How to Pleat Tulle

An extremely thin and absolute see-through netting material, tulle is most often employed for ballerina tutus, wedding dresses and wedding veils. Tulle, which may be reached from rayon, cotton or cotton, is commonly used as an accent fabric on clothes or as decoration because of its soft, floating features. If you want to pleat tulle, take a little extra care with the fabric, as it may be a bit unwieldy to utilize.

Start with the knife pleat, as it is the simplest pleat to make. When you’ve mastered making knife pleats — particularly in tulle — try your hand at more complex pleats with dual folds, such as box pleats and inverted box pleats.

Cut the fabric to the length you’ll need by first determining the size of the pleats. Pleats are utilized to make uniform folds at the peak of the fabric, which are then sewn in place. Tulle is often pleated for ballerina tutus to give them fullness. The pleats may be any size you want, however, for consistency, make each pleat exactly the same width. Each pleat requires three times its breadth in fabric to make. As an example, a 1-inch pleat needs at least 3 inches of fabric, so triple the quantity of fabric required for the sewing project in mind.

Place the grid on a level surface. Lay the tulle lengthwise across it. Some of the tulle may drape the other side, which is acceptable, as you may pull it up since you pleat. Enjoy your sewing pins handy. On other fabrics, you normally mark the pleat line near the peak of the fabric, but tulle is too difficult to mark. As long as you produce the fold atop the grid’s conspicuous lines based on your own pleat’s width width, and pin it in position, your pleats should be uniform.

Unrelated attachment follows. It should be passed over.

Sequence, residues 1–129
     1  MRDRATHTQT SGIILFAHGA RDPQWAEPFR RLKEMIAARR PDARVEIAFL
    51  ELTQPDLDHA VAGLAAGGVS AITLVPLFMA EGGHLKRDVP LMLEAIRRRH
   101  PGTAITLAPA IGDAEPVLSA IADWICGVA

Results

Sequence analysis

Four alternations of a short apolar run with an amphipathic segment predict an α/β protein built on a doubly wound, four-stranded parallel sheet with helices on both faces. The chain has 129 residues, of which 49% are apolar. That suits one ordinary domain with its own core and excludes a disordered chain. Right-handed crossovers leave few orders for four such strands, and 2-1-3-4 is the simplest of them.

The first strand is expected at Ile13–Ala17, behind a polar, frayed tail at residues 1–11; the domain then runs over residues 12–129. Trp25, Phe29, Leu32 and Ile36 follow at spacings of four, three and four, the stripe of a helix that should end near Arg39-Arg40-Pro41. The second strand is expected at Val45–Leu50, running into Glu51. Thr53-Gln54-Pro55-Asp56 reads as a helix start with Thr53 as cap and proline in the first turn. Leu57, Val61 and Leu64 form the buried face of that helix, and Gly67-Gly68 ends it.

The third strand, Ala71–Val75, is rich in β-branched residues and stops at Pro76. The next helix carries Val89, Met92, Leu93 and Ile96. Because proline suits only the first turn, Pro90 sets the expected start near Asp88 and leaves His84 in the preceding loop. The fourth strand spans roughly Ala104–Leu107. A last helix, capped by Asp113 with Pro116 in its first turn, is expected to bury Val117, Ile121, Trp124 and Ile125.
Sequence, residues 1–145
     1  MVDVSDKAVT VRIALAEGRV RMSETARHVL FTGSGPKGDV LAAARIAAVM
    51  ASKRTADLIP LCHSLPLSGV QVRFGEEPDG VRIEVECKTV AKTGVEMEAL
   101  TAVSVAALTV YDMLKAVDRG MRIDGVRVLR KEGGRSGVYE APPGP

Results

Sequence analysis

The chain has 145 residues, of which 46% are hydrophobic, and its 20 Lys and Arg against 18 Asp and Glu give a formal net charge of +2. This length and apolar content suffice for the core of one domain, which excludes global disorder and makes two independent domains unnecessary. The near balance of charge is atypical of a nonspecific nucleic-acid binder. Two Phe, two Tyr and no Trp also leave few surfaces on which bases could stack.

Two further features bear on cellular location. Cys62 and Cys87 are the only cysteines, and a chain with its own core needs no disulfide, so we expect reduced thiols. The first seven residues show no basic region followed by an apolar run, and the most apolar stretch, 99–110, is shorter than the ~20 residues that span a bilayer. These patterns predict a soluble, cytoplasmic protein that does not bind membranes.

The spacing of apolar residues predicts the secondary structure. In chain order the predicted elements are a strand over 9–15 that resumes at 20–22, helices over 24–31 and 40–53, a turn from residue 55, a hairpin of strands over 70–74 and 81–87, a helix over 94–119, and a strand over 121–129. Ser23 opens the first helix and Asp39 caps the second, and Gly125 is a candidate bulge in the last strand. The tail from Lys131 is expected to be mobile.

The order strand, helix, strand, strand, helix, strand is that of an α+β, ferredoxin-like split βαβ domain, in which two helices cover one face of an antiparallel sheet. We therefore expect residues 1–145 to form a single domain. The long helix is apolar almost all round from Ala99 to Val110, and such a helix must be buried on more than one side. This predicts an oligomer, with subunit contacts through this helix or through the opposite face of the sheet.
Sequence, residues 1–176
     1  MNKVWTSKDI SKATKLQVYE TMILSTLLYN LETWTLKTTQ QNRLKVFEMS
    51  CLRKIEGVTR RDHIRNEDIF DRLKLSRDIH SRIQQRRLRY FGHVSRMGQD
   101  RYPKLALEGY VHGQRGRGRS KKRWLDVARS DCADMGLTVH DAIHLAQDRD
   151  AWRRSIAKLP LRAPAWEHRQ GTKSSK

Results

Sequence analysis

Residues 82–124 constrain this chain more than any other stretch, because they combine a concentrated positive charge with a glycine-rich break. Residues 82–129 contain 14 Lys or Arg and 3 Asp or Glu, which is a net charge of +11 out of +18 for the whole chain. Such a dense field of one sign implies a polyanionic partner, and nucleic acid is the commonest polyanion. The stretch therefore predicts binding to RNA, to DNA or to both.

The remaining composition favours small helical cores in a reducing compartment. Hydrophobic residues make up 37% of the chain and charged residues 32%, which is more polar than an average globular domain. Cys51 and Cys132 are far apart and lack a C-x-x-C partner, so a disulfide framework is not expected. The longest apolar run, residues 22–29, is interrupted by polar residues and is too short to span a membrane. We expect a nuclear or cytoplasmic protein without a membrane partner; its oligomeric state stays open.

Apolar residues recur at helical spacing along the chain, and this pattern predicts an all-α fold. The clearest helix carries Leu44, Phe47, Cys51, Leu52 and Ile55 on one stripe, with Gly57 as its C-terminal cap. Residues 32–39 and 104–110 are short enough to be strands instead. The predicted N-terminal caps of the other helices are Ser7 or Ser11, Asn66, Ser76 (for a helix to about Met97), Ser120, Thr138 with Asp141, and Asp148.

Catch a approximate 5/8-inch seam allowance — or greater if desired. Fold the tulle at the very first inch mark, together with the folded edge away from you, and transfer it all the way to the next inch mark. Insert a pin in through the 3 layers of tulle at the middle of the pleat to hold the pleat in place. For the next pleat, fold the fabric on the next inch mark; at the 4-inch mark, transfer it to the 6-inch mark, and pin in position as you did to your very first pleat. Repeat this procedure across the length of the tulle.

Check your pleats for uniformity and adapt as required. If you choose to make 2-inch pleats, do not forget that you will require 6 inches of material for a single pleat. If your pleats are uniform, you’re ready to sew.

Sew the pleats in place. Hand-stitch that the pleats with a basting stitch to keep the pleats aligned when you sew them together with the machine. Remove the pins after hand sewing. Feed the tulle via the sewing machine away from you and machine-stitch over the hand-basted sewing. Align the top edge of the tulle against one of the marked lines on the plate under the needle to darken a stitch across the top of the pleat. Sew the pleats slightly less than the typical 5/8-seam allowance line, since you don’t want this stitching to show after it is sewn to the waistband. Eliminate any remaining pins as you sew.